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Wormhole, Ipsento Among America's Best Coffee Shops, Says NYC's Daily Meal

By Alisa Hauser | April 5, 2013 10:42am

WICKER PARK —  Two of America's Best Coffee Shops are located in the neighborhoods of Wicker Park and Bucktown, says a New York-based food and drink website.

The Daily Meal scoured the nation for "the best independent coffee shops and chains that have changed the way we drink coffee."

The Wormhole at 1462 N. Milwaukee Ave. in Wicker Park and Ipsento at 2035 N. Western Ave. in Bucktown were among the 33 shops highlighted for the "experience" they bring to the java drinking culture.

Daily Meal editor Marcy Franklin said that there were 150 finalists in 18 cities nominated by readers, editors, coffee shop owners and educators, baristas and bloggers.

"Quality, customer service and atmosphere" were the factors that set the highlighted shops apart from the pack, Franklin said.

Franklin added: "Everyone has their favorite coffee shops, it was hard to narrow down."

The science-fiction-80s-inspired Wormhole, which opened in 2010 and is owned by Travis Schaffner, showcases a DeLorean car from "Back to the Future" amid a smattering of community tables, couches and a Nintendo game playing area. 

Carmen Giles, 26, a barista, described working at the Wormhole as "rad."

The Pilsen resident said she enjoys "being able to learn from people who are nerdy and fun."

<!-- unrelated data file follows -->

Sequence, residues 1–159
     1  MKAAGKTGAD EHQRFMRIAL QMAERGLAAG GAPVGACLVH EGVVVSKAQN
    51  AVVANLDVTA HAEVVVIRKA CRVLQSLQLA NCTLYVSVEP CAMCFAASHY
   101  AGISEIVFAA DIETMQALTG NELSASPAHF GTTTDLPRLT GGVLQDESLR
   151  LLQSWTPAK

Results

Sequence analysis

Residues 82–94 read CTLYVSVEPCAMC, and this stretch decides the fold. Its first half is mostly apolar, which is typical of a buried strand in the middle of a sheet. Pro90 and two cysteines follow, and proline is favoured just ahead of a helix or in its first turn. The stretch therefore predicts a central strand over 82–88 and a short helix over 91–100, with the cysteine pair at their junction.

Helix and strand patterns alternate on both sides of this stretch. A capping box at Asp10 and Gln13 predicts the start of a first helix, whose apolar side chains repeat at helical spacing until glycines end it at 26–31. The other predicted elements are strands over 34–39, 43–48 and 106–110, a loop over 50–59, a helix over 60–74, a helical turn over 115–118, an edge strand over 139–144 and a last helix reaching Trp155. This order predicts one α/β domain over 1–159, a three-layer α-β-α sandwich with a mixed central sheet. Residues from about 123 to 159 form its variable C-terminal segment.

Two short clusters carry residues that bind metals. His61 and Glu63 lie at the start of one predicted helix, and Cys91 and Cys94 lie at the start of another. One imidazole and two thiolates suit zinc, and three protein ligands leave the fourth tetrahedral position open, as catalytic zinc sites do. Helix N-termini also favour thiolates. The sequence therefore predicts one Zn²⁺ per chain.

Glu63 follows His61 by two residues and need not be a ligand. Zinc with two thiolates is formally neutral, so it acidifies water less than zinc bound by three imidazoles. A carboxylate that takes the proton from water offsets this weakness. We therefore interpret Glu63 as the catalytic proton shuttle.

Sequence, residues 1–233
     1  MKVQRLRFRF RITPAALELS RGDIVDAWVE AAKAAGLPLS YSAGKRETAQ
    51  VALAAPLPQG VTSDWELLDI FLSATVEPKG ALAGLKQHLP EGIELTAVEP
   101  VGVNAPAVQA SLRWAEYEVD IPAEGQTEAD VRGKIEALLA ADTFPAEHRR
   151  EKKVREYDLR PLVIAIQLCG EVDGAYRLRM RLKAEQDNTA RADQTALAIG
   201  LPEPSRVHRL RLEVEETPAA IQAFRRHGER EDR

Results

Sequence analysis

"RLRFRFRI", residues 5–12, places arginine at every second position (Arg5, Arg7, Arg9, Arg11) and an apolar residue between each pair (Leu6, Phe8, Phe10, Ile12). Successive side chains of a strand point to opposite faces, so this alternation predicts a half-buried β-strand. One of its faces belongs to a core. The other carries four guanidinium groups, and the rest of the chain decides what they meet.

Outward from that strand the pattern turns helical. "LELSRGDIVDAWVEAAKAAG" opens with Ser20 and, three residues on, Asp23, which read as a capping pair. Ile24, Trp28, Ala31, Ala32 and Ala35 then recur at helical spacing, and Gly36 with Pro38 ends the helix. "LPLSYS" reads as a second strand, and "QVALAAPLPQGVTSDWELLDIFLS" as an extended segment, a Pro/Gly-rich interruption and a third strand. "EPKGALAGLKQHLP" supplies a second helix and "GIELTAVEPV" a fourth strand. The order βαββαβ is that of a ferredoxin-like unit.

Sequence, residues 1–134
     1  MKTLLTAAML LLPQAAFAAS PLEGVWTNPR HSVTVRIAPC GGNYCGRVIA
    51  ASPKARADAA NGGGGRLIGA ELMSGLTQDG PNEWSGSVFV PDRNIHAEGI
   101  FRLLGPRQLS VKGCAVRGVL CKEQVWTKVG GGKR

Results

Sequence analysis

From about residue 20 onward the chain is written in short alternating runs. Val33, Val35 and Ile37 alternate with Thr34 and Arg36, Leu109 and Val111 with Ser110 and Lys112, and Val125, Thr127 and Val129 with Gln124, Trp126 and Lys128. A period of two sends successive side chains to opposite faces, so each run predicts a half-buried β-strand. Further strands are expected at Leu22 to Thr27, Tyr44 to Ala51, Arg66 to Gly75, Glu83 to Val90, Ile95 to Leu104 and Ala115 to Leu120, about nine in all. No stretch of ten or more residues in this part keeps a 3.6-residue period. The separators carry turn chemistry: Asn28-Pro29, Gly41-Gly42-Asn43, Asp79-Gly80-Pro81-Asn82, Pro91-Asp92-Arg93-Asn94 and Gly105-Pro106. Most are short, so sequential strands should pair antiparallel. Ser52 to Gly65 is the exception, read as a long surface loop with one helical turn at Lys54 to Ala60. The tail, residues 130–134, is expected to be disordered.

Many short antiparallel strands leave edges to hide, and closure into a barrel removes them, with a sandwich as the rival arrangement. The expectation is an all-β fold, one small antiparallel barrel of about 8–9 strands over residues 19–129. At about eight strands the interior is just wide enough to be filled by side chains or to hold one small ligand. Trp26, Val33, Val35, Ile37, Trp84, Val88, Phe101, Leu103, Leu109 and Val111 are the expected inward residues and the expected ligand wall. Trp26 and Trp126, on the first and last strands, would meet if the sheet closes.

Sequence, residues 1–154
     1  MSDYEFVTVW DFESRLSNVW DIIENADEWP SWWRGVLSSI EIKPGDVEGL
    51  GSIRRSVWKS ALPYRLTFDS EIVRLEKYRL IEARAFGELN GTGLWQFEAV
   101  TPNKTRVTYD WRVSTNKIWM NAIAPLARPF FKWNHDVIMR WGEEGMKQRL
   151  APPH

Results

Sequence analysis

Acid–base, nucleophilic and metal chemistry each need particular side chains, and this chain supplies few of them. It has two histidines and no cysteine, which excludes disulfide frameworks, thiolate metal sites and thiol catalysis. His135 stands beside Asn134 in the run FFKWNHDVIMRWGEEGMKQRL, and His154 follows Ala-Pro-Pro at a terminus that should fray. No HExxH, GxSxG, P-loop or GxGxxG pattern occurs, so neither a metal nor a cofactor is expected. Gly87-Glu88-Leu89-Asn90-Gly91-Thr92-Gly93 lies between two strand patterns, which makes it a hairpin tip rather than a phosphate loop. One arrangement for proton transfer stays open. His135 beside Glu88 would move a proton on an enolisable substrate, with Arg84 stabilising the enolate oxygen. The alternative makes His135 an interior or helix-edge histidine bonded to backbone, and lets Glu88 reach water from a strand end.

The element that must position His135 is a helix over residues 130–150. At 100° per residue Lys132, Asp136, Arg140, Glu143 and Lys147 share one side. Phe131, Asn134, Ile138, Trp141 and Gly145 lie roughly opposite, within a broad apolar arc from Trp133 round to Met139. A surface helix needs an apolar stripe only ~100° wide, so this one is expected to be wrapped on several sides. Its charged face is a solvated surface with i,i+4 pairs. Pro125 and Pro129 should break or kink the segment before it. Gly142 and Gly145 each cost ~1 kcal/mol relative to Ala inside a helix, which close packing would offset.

Megan Corlett and her seven-week-old daughter, Emma, were among the people hanging out at the Wormhole.

When informed that the Wormhole is considered to be among the nation's best coffee shops, the Logan Square resident replied, "I can believe it. I just had the Honey Bear latte."

In addition to specialty lattes and espresso, the Wormhole is also known for its "pour overs," which are manually-brewed cups of coffee using a kettle and precise specifications.

Barista Jon Colon, 24, said his favorite part of his job is interacting with customers, many of whom are regulars who sit at the bar and observe him or ask questions as he creates custom cups of coffee.

Colon was making a "pour over" using beans from the Toarco farm in Sulwesi, Indonesia.

Colon said pour overs take about five minutes to make and cost between $3.50 and $5 —  about $1.50 more on average than a cup of machine brewed coffee at Wormhole, where prices fluctuate based on the cost of beans.

Next week Colon and a few other Wormhole employees will be going to Boston to compete in the Specialty Coffee Association's Brewer's Cup competition.  Colon said they will be representing Half-Wit, an onsite roasting arm of Wormhole launched last year (previously Wormhole used Metropolis coffee).

At Ipsento, owner Tim Taylor, 32, said that he felt "honored and affirmed" by inclusion in the Daily Meal roundup and the fact "they got word that we were a shop worth visiting."

Referencing a well-publicized tax-related snafu that forced Ipsento to temporarily shut down a few years back, Taylor said, "We've come a long way from having our doors closed for a week-and-and-a half two years ago to now. We've been working hard to get things together."

Ipsento, which was founded in 2006 and has a capacity for 35 patrons, maintains its own equipment and it's not uncommon to find staff "doing scientific experiments with brew parameters and retrofitting customized equipment," Taylor said.

In addition to its often-packed front room, Ipsento expanded a few years ago to the apartment behind the front of the coffee shop. The expansion doubled then seating capacity and provides space for a movie screen and coffee education workshops.

When asked what makes Ipsento unique, Taylor said, "We keep details in front of us and are very specific with pour overs and with roasting our own coffee in the store.  We want to keep our craft in front of our customers."